Euphemie L___, too, had seen and remembers a great deal. In 1837 she was the reigning beauty of Paris. Her favors were the object of general ambition. She rolled in that superfluity of wealth none but the Lais and the Phyrnes know. Her palace of the Rue de la Chaussee d’Antin, (it was twenty steps below me, a new street now occupies its site) exceed any of Louis Phillipe’s, and Col. Thorn’s was the only equipage which could vie with hers at the Promenade de Longchamps. Soon excesses of all sorts ruined Euphemie’s health; with her health fled her beauty, and her fortune. The prodigal girl descended even more rapidly than she had mounted fortune’s tide; the quick ebb soon abandoned her, steeped to the lips in misery. She could never forget the gilded days she had spent in the street. It embittered her misery; it became greater than she could bear. Day before yesterday,’ say this morning’s papers. ‘The body of a woman about forty years old, was taken out of the Canal St. Martin. The absence of all trace of violence instantly removed suspicion that a crime had been committed. Subsequent investigation proved the death to have been the result of a suicide. A strange spectacle presented itself to the magistrate and physician whose duty led them to inspect the body. The corpse was entirely covered with tattooing, from which, except the face and feet, no portion of the body was exempt. In midst of emblems and erotic [this was given as “erratic” in the original—misprint or censorship?] legends were the names of all the lovers the woman had had, with the date of the commencement and end of each amour. Nothing could be more painful to the sight than this album of debauchery upon a hideous corpse.
The ‘hideous corpse’ was the body of Euphemie L____.
La Crosse [WI] Democrat 17 May 1853: p. 1
Here is what purports to be the original from le Droit: Journal des Tribunaux de Paris, a paper devoted to sensational crimes and their appearance in the courts.
Il y a quelques années, le Droit, journal des tribunaux de Paris, contenait le récit suivant: On a retiré hier du canal Saint-Martin le corps d’une femme d’environ quarante ans. L’absence de toute trace de violence a éloigné tout d’abord la supposition d’un crime, et il a été, plus tard, constaté que la mort était le résultat d’un suicide. Cette femme a été reconnue pour la nommée Euphémie ^L…, qui a eu, il y a une quinzaine d’années, une grande réputation de beauté. Grâce aux libéralités de ses amants, Euphémie avait, dans la Chaussée-d’Antin, une maison montée avec un luxe princier, et son équipage effaçait par sa splendeur celui de bien des grandes dames. Mais bientôt les excès de tout genre détruisirent la santé d’Euphémie. Avec la beauté s’éclipsèrent les adorateurs et les écus. La fille prodigue descendit plus rapidement encore qu’elle ne l’avait gravie l’échelle de la fortune, et, quand elle eut quitté le dernier échelon, elle se trouva les deux pieds dans la fange. Là vinrent l’assaillir les souvenirs et les regrets. Ellene put résister à leur perpétuelle obsession, et cette existence misérable se termina par le suicide. Un spectacle étrange s’offrit au magistrat et au médecin, à l’inspection desquels dut être soumis le cadavre. Le corps d’Euphémie était entièrement couvert de tatouages, dont, à l’exception du visage et des extrémités, aucune place n’était exempte. Au milieu d’emblèmes et de légendes érotiques, figuraient les noms de tous les amants qu’avait eus l’Hétaïre, avec la date du commencement et celle de la fin de chaque amour. Rien n’était plus triste à voir que cet album de débauche sur un cadavre hideux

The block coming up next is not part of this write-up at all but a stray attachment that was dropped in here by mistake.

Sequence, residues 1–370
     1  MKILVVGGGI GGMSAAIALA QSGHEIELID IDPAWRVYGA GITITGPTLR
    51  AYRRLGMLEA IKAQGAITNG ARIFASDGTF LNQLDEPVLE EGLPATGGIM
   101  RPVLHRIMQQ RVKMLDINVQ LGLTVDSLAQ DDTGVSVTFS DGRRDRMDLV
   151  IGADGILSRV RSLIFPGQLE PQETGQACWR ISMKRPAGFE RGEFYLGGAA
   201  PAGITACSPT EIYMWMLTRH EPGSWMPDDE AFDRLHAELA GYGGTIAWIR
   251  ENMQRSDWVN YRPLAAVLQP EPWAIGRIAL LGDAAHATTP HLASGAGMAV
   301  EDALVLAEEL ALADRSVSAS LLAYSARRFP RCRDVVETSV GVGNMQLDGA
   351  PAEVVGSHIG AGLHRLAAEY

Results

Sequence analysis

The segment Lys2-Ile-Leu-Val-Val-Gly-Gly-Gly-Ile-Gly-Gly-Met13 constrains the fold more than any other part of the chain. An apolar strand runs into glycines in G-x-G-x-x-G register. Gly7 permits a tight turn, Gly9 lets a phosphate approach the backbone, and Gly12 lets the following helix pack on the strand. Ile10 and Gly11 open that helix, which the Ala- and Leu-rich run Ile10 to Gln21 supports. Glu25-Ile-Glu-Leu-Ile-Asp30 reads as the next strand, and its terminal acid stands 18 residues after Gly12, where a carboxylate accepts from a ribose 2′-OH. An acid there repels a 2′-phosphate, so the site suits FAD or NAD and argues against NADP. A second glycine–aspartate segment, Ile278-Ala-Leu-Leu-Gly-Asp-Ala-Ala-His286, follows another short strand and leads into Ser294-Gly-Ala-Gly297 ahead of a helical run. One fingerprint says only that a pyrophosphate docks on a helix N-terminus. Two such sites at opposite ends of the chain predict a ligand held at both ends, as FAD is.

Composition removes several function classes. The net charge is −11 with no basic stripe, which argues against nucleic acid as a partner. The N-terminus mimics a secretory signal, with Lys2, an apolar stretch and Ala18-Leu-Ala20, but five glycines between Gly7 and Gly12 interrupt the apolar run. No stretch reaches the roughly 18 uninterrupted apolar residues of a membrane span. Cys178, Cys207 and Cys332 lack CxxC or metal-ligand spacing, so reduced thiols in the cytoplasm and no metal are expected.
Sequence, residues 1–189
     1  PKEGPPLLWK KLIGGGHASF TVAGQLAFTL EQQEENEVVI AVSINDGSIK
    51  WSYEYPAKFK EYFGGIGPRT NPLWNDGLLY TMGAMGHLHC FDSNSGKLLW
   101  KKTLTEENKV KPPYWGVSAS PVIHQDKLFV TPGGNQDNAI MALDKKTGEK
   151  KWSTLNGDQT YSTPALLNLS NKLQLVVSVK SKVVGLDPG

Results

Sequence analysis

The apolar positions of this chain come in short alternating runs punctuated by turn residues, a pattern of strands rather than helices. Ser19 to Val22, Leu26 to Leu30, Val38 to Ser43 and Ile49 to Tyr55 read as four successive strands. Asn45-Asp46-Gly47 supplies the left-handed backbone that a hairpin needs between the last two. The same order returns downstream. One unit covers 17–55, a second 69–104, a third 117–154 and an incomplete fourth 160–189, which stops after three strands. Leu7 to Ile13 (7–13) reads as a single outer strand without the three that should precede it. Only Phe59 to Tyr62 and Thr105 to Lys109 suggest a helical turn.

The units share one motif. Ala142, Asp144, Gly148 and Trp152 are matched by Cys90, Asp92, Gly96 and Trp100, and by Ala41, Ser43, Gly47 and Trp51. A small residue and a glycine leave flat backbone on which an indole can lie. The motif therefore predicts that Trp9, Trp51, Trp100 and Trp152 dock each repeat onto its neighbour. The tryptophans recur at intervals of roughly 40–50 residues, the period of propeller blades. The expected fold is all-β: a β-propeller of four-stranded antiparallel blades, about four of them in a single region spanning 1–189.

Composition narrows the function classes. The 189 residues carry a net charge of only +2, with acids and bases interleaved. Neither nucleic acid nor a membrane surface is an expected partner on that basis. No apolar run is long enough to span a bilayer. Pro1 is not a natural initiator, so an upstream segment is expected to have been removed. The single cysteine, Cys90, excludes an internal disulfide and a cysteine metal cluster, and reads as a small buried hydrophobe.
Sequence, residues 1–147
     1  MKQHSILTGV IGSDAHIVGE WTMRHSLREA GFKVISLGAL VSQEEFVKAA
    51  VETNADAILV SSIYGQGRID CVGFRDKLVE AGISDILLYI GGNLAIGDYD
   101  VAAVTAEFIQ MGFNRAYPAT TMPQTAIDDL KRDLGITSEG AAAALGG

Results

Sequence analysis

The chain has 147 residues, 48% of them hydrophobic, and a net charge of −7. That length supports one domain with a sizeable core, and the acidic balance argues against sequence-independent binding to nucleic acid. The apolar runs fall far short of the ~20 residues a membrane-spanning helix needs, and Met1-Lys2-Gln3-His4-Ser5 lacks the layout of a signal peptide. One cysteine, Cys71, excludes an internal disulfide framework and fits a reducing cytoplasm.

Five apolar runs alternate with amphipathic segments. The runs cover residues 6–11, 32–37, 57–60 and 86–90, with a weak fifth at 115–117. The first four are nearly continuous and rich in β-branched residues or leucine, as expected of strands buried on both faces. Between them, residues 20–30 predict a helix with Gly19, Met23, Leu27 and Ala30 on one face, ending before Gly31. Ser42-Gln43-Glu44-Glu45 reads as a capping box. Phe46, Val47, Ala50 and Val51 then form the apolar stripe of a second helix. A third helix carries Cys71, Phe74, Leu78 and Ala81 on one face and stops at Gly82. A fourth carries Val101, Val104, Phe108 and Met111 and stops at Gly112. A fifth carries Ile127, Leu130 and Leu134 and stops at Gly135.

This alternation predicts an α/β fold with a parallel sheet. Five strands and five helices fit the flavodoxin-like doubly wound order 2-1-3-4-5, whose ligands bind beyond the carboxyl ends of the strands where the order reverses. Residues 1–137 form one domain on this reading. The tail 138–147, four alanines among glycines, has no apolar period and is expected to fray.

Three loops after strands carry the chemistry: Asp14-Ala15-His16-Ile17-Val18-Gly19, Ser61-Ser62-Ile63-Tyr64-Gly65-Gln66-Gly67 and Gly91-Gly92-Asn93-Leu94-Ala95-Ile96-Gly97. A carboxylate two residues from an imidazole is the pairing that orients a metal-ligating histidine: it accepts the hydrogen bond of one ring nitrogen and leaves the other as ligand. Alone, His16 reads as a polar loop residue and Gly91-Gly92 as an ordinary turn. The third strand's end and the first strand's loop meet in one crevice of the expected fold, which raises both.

Quoted in Dictionnaire d’anecdotes: Historiettes, bons mots, aventures, process extraordinaries, etc. sur Les Femmes, Le Mariage et la Galanterie, Louis-Julien Larcher 1861
Naturally I found my mind wandering to how she kept track of those légendes érotiques and the many dates of commencement and fin: double-entry bookkeeping?
The courtesans of Paris were known for their whims and eccentricities: la Païva, who shot a horse who had thrown her; Lee d’Asco, famed for a nude balloon ascension and a pet bear; the jewel duels of Liane de Pougy and La Belle Otero, but this account seems to veer towards a roman by Balzac or de Maupassant. Does anyone know if this story of a human scandal sheet came from a work of fiction? (chriswoodyard8 AT gmail.com)
Chris Woodyard is the author of The Victorian Book of the Dead, The Ghost Wore Black, The Headless Horror, The Face in the Window, and the 7-volume Haunted Ohio series. She is also the chronicler of the adventures of that amiable murderess Mrs Daffodil in A Spot of Bother: Four Macabre Tales. The books are available in paperback and for Kindle. Indexes and fact sheets for all of these books may be found by searching hauntedohiobooks.com. Join her on FB at Haunted Ohio by Chris Woodyard or The Victorian Book of the Dead. And visit her newest blog, The Victorian Book of the Dead.